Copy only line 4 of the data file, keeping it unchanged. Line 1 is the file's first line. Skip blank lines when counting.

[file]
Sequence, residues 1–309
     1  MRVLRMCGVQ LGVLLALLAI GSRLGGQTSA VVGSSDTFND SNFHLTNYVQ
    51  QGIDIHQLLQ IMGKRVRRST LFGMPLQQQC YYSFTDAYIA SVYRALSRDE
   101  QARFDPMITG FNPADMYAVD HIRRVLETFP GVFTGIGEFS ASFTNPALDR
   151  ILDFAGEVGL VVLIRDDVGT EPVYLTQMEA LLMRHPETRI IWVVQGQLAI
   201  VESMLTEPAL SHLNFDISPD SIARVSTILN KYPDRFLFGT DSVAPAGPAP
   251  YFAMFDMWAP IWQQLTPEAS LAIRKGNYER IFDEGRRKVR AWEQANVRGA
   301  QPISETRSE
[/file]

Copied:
   101  QARFDPMITG FNPADMYAVD HIRRVLETFP GVFTGIGEFS ASFTNPALDR